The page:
PAOLI, Pa. – When Matthew Finger approached the 14th green during his final round of the Middle-Amateur Championship on Thursday, he noticed a small bug resting on his golf ball. The persistent pest forced Finger to remark his ball.
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He didn’t mind the bug. It reminded him of a larger presence.
That moment turned out in his favor when he jarred the 10-foot birdie putt to, at the time, regain the tournament lead at 1 under. It appeared as though somebody had been watching over him.
Finger had a personal loss lingering in his mind the past few weeks. His father-in-law, John Curchian, passed away 10 days ago from a stroke suffered while sleeping. He was 75.
“I felt that there was a little help there and the ball went in the middle of the hole,” Finger said. “Then I got a good break on the next hole. I’m not very superstitious, but with the emotions of the week and all that was going on, that was really the first time today where I was like ‘Wow, there might be a bigger force out there.’”
The 38-year-old used the emotions of the last week-and-a-half to finish in a tie for second place with Michael R. Brown, Jr. of Philadelphia Publinks GA after starting the day as co-leader. He finished the tournament with a two-day total of 143 (69-74).
“I think [the emotions] helped,” Finger, of Woolwich Township, N.J., said. “I knew what I needed to do on the last hole, I just didn’t get it done. I was running on adrenaline. I’ve been playing a lot of golf the last couple of days. So, I was running out gas, especially in the playoff.”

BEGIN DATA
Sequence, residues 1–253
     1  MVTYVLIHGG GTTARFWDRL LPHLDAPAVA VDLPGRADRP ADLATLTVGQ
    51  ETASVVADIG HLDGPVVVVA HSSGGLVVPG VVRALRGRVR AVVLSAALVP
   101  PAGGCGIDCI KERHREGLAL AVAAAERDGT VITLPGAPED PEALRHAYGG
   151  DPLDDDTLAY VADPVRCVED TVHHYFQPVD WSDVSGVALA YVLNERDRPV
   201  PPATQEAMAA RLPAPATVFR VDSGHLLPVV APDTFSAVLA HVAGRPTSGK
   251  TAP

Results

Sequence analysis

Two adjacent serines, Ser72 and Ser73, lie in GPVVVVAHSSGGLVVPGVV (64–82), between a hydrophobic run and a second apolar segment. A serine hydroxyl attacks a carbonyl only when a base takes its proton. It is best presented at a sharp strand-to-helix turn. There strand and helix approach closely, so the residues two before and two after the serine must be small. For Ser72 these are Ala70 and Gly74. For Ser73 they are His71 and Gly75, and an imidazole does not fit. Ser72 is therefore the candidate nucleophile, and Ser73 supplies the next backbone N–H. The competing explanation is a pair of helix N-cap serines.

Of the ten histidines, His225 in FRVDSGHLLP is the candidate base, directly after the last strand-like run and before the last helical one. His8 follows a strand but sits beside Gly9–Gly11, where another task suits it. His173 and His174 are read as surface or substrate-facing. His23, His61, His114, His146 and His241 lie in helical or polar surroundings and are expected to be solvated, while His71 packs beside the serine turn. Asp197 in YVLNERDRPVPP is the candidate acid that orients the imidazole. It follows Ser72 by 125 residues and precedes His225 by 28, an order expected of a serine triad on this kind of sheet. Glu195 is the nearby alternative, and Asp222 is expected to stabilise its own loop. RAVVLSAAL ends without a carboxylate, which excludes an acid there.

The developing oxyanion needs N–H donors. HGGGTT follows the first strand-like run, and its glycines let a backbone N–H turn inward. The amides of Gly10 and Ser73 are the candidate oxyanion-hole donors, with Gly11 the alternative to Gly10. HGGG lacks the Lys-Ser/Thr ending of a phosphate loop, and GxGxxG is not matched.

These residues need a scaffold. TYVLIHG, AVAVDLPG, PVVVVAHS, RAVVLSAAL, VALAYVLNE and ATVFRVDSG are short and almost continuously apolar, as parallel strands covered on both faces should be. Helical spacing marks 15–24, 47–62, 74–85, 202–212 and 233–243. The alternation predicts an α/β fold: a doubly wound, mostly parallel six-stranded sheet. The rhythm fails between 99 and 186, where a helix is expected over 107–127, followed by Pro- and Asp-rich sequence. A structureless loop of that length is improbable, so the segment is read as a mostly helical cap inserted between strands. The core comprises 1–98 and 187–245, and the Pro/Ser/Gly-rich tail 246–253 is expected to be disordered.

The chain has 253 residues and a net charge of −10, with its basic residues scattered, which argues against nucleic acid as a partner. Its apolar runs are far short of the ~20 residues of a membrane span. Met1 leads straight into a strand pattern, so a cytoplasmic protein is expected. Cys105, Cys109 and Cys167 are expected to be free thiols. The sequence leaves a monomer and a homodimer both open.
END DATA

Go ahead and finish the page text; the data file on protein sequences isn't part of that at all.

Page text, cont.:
Finger competed in the U.S. Amateur Four-Ball Championship at Winged Foot Golf Club last week, playing 90 holes while reaching match play. He and partner Michael Korcuba fell to defending champions Todd White and Nathan Smith, 6&5, in the Round of 32.
The amount of golf he has played in the past few weeks, added to the loss of a loved one, might warrant the excuse of exhaustion from some. But not Finger.
“I really pride myself on preparing and eating right and drinking extra fluids,” the DuPont Country Club member said. “I’ve learned through the years to do that. I’m a glass half-full kind of guy, but this one is really going to hurt. You put yourself in these situations to see how you’re going to react and hopefully next time it’s better.”
Finger will compete next in the New Jersey State Golf Association Amateur on June 7-9 at Montammy Golf Club. He is also exempt into the BMW Philadelphia Amateur Championship at Merion Golf Club (East) as well as the Joseph H. Patterson Cup at Huntingdon Valley Country Club.
Despite not walking away with a Major trophy at day’s end, Finger knows there are bigger things in life than golf. After being on the road for the past two weeks, he looks forward to spending some time at home with his family… and maybe his lawn.
“I’ve had a fair number of close calls like this, and I’ll get it done one day, but this was my day to get it done and I didn’t,” Finger said. “I’ll take it like a man and I’ll move on. It won’t define me or my life. I’ll go home and play with my kids and mow my lawn, which is way over due, and try to figure out how to get over this quickly.”
Cricket’s Orlando impresses as 90-year-old grandfather cheers on
Gregor Orlando and his grandfather, Roland “Chic” Ciacchini, have bonded over a golfing tradition unlike any other.
“We’ve been going to the Masters [Tournament] for years. It’s very special to us,” said the 90-year-old Ciacchini. “For myself, I’ve been 25 times. With him, we’ve been around eight or nine times.”
But it was at Waynesborough Country Club, a track roughly 700 miles from Augusta, Ga., where Orlando’s bond with his grandfather grew even stronger. A dedicated Ciacchini made the seven-hour trek across the state from Erie, Pa. to see Philadelphia Cricket Club’s Orlando play for the first time since 2012.
“I drove up here on Tuesday; left at 11 a.m. and checked into my Holiday Inn at 6:30 p.m.,” said Ciacchini. “I’ve been watching him play golf since he was 12 years old. It’s always been a lot of fun and we’ve both enjoyed it a lot.”